The other day we lost a titan of the TED stage, someone who not only changed the way we understand and communicate about data, but who used that data to enlighten us about our world and its inhabitants.
I’m referring of course to Hans Rosling, the Swedish physician, health statistician, data expert and human dynamo who passed away February 7.
As an academic, Rosling’s research focused on the complex links between economic development, agriculture, poverty and health. His work was worthy, but unknown to the wider world.
Until 2006, that is, when he stood on the TED Stage and made global trends in health and economics accessible, vivid, and meaningful to everyone. TED gave him a unique and powerful platform to spread the gospel of public health data.
Rosling believed that if publicly-funded data were widely available, then each of us would be able to follow public health trends and other social and economic developments, and use that knowledge to gain a more nuanced and truthful understanding of human progress.
Thanks to his electrifying TED performance, Rosling became a data rock star. He went on to give a number of other captivating TED talks, and in 2010 he presented a television documentary The Joy of Stats, on BBC Four in the UK.
It was Rosling’s son, Ola Rosling, who built the Trendalyzer software that converts international statistics compiled by the U.N. and the World Bank into moving, interactive graphics. Rosling, his son and daughter-in-law Anna Rosling Ronnlund founded the Gapminder Foundation – “a fact tank – not a think tank” – to visualize world developments.
They used their tools to promote the importance of reliable statistics and verifiable facts, counter misconceptions and cultural stereotypes, and fight ignorance on topics like climate change, child mortality, HIV rates, and poverty.
In his 2006 TED Talk, Rosling begins with the simple declaration, “We start the world.”
Then he hits a key on his laptop and behind him the screen lights up. Colored circles and dots scatter across a graph with x and y axes, reflecting the passage of time and changing health and economic conditions around the globe.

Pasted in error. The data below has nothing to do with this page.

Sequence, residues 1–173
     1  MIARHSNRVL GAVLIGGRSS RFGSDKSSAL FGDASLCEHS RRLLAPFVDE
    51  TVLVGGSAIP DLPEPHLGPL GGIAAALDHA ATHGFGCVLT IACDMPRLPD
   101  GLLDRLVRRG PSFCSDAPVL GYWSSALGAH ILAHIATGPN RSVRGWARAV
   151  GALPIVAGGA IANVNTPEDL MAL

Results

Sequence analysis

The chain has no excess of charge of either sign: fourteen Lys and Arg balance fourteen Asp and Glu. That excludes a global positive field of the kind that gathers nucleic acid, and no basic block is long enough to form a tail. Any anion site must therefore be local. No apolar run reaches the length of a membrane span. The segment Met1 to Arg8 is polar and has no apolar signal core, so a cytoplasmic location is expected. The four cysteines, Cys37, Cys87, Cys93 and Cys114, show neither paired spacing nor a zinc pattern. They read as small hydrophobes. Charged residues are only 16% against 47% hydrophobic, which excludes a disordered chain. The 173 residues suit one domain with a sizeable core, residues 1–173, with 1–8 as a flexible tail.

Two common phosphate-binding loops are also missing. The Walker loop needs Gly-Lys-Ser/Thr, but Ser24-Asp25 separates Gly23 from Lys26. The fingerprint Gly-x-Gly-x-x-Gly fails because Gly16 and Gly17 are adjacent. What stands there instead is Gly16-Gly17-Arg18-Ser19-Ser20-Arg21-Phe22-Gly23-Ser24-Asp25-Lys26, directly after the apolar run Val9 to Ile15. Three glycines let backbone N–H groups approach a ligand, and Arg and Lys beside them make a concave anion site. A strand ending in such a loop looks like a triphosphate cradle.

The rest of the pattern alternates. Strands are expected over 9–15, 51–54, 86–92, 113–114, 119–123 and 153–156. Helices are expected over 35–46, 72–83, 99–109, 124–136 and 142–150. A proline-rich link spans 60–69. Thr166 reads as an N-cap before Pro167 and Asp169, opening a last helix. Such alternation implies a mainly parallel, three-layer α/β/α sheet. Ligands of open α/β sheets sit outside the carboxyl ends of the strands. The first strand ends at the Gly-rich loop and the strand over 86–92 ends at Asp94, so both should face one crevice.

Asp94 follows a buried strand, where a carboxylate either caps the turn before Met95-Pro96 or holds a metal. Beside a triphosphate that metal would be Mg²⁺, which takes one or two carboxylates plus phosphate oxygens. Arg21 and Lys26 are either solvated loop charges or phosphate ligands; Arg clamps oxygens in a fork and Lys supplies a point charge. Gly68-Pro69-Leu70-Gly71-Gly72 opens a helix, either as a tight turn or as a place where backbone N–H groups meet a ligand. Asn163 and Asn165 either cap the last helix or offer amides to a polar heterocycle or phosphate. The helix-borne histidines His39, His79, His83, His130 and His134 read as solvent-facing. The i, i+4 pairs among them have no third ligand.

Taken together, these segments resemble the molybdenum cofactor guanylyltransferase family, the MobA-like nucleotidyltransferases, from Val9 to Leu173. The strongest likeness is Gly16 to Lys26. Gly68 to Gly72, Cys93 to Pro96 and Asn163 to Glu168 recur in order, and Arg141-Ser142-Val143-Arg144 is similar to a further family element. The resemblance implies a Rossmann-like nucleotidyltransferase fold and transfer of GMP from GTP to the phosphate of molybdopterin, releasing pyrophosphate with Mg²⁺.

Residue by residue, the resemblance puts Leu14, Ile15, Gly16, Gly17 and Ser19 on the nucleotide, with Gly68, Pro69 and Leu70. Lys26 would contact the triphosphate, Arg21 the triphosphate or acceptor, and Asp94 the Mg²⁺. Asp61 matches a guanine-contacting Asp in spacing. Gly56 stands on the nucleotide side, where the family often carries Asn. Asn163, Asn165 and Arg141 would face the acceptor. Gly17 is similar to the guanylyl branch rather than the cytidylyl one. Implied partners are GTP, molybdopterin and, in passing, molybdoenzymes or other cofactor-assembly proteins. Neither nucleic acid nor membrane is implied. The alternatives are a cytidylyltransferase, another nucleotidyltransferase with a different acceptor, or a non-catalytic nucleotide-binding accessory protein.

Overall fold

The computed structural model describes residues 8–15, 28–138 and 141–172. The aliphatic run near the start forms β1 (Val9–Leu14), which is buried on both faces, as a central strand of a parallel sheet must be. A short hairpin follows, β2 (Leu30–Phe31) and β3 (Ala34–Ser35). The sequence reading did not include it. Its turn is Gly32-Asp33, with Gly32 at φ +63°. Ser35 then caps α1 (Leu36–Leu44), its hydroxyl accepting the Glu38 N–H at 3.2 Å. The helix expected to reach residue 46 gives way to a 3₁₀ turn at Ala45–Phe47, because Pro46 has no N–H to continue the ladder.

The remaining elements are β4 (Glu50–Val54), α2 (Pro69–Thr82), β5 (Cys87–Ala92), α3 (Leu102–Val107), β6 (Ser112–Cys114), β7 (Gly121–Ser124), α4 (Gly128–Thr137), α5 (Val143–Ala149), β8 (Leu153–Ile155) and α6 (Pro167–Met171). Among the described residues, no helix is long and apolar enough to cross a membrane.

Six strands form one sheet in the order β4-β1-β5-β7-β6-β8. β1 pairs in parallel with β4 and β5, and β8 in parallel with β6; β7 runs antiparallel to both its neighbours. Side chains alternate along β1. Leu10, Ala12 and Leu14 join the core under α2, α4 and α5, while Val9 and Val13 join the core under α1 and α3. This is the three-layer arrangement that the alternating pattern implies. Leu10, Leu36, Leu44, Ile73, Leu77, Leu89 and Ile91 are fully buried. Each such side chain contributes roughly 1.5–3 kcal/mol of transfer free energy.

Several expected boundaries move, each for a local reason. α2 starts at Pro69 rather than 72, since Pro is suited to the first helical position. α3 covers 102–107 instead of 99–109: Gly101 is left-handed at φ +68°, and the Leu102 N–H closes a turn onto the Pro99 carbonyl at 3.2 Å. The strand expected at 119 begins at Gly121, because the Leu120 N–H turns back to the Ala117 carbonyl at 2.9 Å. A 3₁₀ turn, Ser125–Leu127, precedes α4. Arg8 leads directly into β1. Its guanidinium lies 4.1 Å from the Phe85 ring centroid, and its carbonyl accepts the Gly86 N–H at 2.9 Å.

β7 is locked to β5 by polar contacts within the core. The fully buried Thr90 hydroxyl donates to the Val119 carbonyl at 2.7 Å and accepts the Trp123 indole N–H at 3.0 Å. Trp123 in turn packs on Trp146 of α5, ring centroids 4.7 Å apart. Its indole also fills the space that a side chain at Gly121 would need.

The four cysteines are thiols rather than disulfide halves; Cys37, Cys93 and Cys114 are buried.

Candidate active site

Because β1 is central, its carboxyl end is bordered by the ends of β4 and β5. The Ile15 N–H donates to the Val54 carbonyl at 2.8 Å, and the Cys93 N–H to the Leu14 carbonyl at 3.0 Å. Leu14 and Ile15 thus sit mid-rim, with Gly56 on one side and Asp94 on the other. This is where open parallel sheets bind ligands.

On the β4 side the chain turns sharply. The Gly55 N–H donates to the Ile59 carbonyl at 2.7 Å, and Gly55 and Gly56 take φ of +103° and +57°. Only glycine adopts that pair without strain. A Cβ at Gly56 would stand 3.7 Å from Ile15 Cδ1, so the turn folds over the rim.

Then Rosling leaps into action. With his back to the audience, facing the screen, and arms outstretched overhead, he moves his body along with the spheres, a champion for public health advancements around the world.
“Can you see?” he calls out to the audience. “It’s China here, moving with better health there. All the green Latin American countries are here – moving towards smaller families. Your yellow ones here are the Arabic countries, and they get larger families . . . and this is India. Indonesia’s moving on pretty fast!”
On and on it goes, with data and decades flying by. Rosling narrates with speed and urgency, as if he’s calling a horse race that’s neck and neck in the final stretch.
In that choreographed performance, he creates a seamless connection between himself, his visuals, and the observers. As the data moves across the screen, we get the feeling we’re actually witnessing Rosling’s thoughts in motion.
Rosling’s talk demonstrates that the sophisticated new tools of data visualization are most effective in the hands of a speaker who’s fully in control of his material and completely engaged with his audience.
“I end now with the world,” Rosling says, and with that he offers one final Gapminder animation that correlates Internet use around the world with rising economic prosperity.
He ends on a hopeful note:
“It’s as if the world is flattening out, isn’t it? These countries are lifting more than the economy,” he says. “It will be very interesting to follow this over the years, as I would like you to be able to do with all the publicly funded data.”
In just 19 minutes, Rosling sets a new standard for the presentation of quantitative information – and changes public speaking forever.
* Take a look at the best Hans Rosling talks you’ve ever seen, complied by TED.
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